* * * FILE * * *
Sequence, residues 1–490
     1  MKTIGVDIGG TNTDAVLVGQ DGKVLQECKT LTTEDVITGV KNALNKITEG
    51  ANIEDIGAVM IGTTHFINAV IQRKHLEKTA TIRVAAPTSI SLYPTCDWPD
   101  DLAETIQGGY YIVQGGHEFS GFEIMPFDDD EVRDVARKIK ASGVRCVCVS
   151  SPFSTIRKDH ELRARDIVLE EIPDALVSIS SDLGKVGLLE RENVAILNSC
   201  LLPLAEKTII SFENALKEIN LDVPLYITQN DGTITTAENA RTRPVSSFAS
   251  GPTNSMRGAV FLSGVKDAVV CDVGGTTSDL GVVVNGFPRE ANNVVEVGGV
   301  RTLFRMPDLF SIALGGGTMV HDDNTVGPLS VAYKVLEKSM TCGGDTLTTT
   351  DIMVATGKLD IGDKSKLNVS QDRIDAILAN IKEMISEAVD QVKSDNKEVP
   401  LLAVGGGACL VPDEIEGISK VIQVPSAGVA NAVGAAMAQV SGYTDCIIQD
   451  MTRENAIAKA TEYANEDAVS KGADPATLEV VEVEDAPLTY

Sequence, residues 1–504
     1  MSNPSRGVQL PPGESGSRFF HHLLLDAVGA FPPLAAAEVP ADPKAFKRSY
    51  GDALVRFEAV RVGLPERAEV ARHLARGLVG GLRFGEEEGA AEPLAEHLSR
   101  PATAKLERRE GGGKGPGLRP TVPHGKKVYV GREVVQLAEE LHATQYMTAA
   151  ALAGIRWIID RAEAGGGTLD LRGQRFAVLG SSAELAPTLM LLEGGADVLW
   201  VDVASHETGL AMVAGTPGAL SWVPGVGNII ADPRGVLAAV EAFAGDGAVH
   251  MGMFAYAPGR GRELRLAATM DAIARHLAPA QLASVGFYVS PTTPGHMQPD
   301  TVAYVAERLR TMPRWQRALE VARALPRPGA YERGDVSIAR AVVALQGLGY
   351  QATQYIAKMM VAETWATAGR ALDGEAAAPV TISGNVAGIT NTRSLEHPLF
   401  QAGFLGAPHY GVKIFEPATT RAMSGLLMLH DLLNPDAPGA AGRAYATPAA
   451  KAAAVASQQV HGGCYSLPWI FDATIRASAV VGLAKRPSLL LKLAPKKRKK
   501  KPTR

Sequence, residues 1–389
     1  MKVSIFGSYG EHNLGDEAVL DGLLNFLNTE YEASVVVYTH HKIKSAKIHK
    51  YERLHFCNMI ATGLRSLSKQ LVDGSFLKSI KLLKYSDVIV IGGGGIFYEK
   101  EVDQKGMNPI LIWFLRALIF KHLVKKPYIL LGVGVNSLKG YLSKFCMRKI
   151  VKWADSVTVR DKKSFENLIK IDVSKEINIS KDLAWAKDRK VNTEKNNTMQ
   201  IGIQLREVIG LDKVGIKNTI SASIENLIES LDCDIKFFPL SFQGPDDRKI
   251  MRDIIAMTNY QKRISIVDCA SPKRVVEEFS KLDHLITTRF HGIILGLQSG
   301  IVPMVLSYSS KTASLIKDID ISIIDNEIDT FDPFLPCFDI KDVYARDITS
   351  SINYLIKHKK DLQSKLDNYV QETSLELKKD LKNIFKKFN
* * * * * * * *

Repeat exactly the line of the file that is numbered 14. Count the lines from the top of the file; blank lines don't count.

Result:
    51  GDALVRFEAV RVGLPERAEV ARHLARGLVG GLRFGEEEGA AEPLAEHLSR